CURRENT STORY 13-02-2021

On a warm June evening, I was making my way to Alsos Papagou park in the northern Athens suburb of Cholargos. The humid air hung heavy with the scent of pine trees, and families and groups of laughing teenagers were wandering across the grass or fetching coffee from the lakeside cafe. Walking in front of me was a group of women in elaborately patterned, floor-length skirts with gold and purple sashes around their waists. On their heads sat small hats covered in gold coins.

I followed them into the Papagou Garden theatre, a secluded amphitheatre nestled on the park’s northern edge. Other women in similar outfits greeted them, along with men wearing black headscarves and swords around their waists. I was here to watch dance, music and poetry performed by Pontic Greeks – ethnic Greeks who settled on the coast of the Turkish Black Sea.

One of the women, Galatia Sitaridi, who grew up in Athens in a Pontic family, told me she has been performing the dances since she was eight. She also performs plays in the Pontics’ distinct dialect. “I grew up with my grandmother in the house, so it is my native tongue,” she explained. “When I’m performing, it’s like she’s right there with me.”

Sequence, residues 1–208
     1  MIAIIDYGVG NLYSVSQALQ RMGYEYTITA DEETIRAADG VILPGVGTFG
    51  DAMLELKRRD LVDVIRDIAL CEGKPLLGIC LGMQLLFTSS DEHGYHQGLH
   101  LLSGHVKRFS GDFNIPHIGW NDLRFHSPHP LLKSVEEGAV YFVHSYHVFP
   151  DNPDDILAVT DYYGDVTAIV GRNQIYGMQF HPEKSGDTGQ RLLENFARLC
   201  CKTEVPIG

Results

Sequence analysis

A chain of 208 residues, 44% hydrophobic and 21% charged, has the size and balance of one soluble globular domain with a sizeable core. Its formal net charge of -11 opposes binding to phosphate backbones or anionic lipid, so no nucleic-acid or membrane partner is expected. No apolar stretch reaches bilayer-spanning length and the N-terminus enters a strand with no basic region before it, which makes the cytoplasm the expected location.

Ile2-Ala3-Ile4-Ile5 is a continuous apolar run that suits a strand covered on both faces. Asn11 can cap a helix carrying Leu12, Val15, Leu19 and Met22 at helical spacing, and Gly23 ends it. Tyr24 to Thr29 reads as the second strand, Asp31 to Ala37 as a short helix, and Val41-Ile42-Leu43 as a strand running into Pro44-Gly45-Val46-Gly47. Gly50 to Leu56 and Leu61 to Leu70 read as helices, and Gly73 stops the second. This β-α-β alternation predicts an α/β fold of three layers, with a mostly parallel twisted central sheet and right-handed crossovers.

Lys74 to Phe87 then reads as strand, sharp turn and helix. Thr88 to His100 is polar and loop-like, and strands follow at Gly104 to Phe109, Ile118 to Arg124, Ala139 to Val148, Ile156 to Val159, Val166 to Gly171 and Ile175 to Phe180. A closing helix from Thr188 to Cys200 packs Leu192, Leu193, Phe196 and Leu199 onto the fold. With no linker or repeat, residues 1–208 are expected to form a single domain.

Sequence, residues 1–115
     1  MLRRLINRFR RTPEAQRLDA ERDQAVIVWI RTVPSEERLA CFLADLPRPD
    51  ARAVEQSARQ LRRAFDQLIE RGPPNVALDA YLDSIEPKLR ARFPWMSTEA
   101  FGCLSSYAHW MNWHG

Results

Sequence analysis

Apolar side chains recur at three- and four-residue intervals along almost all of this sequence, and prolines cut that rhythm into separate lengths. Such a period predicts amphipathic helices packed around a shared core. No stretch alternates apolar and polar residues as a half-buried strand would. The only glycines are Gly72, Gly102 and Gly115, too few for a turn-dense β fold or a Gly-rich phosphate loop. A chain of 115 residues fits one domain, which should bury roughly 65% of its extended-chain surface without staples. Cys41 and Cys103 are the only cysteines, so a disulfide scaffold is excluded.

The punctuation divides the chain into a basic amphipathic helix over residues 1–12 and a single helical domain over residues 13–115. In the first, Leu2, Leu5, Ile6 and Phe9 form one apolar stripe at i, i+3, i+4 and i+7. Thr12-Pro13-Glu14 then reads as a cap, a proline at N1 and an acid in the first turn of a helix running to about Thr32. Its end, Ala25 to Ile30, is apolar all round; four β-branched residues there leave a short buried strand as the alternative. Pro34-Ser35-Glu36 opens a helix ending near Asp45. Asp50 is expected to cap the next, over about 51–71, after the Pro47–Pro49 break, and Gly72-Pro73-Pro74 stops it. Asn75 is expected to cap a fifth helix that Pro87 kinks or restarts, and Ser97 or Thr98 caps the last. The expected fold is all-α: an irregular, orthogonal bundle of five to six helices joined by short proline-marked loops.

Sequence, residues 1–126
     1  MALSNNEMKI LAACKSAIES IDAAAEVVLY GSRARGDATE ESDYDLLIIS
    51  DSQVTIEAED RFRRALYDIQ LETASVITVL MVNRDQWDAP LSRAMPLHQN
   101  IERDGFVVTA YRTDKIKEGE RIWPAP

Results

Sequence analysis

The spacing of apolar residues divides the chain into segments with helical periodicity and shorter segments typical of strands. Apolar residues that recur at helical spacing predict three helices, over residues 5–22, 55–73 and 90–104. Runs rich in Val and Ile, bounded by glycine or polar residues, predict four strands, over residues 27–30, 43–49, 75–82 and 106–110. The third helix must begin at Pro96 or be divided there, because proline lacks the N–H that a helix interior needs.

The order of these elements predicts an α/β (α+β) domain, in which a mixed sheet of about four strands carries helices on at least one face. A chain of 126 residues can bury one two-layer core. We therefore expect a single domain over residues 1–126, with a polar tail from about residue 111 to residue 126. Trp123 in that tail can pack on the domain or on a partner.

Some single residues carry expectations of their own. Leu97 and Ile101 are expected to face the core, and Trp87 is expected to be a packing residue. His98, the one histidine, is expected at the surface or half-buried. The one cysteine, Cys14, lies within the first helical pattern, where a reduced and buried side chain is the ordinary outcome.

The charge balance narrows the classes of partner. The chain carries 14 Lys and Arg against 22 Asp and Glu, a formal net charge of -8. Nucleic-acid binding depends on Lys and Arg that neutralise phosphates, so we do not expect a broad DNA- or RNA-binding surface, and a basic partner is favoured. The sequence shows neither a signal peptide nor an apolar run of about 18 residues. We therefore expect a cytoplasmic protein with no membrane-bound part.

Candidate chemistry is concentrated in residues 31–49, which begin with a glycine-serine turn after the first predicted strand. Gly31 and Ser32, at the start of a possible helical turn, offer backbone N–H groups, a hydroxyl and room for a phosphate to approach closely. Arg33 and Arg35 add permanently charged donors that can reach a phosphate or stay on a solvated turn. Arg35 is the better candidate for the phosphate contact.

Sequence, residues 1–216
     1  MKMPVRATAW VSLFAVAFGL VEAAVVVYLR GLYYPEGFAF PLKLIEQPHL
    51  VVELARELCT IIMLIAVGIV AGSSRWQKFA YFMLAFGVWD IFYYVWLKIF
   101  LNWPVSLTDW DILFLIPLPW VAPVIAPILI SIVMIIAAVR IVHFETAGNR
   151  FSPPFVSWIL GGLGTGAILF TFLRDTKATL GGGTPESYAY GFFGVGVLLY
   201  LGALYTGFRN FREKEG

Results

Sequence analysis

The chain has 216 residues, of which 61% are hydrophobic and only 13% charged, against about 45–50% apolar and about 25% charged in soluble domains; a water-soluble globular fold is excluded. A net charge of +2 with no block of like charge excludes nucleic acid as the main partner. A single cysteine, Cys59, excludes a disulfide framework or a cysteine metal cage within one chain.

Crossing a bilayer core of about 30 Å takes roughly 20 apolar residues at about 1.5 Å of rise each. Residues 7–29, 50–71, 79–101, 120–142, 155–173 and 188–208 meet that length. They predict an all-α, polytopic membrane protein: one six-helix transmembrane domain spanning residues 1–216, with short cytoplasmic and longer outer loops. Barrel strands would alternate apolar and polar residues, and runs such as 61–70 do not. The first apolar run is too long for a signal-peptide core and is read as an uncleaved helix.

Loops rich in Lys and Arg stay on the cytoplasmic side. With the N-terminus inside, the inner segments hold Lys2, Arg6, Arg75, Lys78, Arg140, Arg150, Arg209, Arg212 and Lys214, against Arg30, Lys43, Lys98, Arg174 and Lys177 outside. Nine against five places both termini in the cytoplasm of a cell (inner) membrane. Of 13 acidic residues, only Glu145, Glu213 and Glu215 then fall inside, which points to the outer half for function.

Sitaridi’s ancestors began leaving Greece around the 7th Century BC, travelling to Turkey’s Black Sea region in search of silver and gold. They called the area ‘Pontus’, from the Ancient Greek word for ‘sea’. Many settled there, building Greek colonies, such as Trapezus (now Trabzon) and Smyrna (now Izmir). They were early adopters of Orthodox Christianity during the Byzantine period from 330 to 1453, and remain to this day a deeply religious community.

Over the centuries, the Ancient Greek they spoke evolved completely differently to the language in their homeland  – so much so, even though it’s technically a dialect, it sounds like an entirely different language. They also developed their own customs, which fused Ancient Greek culture with that of the indigenous communities around them. The dances I was about to watch were performed on the lyra – a type of harp with its roots in Ancient Greece – and the men’s all-black outfits, known as zipkas, were adopted from the traditional dress of the Caucasus.

But the reason Sitaridi and so many other Pontics like her are living in mainland Greece today has a tragic story behind it. As the Ottoman Empire began to crumble during World War One, the Turks began systematically killing and deporting the Orthodox Christian community. Between 1914 and 1922, around 350,000 Pontic Greeks out of a population of around 700,000 were killed. Almost 250,000 fled to Greece, while others sought refuge in the USSR. Although their dialect has the same roots as the language spoken in modern-day Greece, the Greeks could not understand the refugees who arrived. Small numbers of Pontic speakers who converted to Islam still remain in Turkey, but the language is classified by Unesco as endangered.